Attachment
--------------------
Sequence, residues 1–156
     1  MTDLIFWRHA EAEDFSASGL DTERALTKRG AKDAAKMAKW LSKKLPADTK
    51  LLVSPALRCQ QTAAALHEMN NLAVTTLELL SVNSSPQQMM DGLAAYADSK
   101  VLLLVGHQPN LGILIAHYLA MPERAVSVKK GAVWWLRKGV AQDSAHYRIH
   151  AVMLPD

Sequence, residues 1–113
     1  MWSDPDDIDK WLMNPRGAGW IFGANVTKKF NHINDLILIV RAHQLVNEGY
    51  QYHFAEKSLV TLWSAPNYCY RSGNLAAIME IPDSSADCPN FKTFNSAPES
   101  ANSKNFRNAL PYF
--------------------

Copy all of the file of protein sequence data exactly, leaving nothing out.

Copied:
Sequence, residues 1–156
     1  MTDLIFWRHA EAEDFSASGL DTERALTKRG AKDAAKMAKW LSKKLPADTK
    51  LLVSPALRCQ QTAAALHEMN NLAVTTLELL SVNSSPQQMM DGLAAYADSK
   101  VLLLVGHQPN LGILIAHYLA MPERAVSVKK GAVWWLRKGV AQDSAHYRIH
   151  AVMLPD

Sequence, residues 1–113
     1  MWSDPDDIDK WLMNPRGAGW IFGANVTKKF NHINDLILIV RAHQLVNEGY
    51  QYHFAEKSLV TLWSAPNYCY RSGNLAAIME IPDSSADCPN FKTFNSAPES
   101  ANSKNFRNAL PYF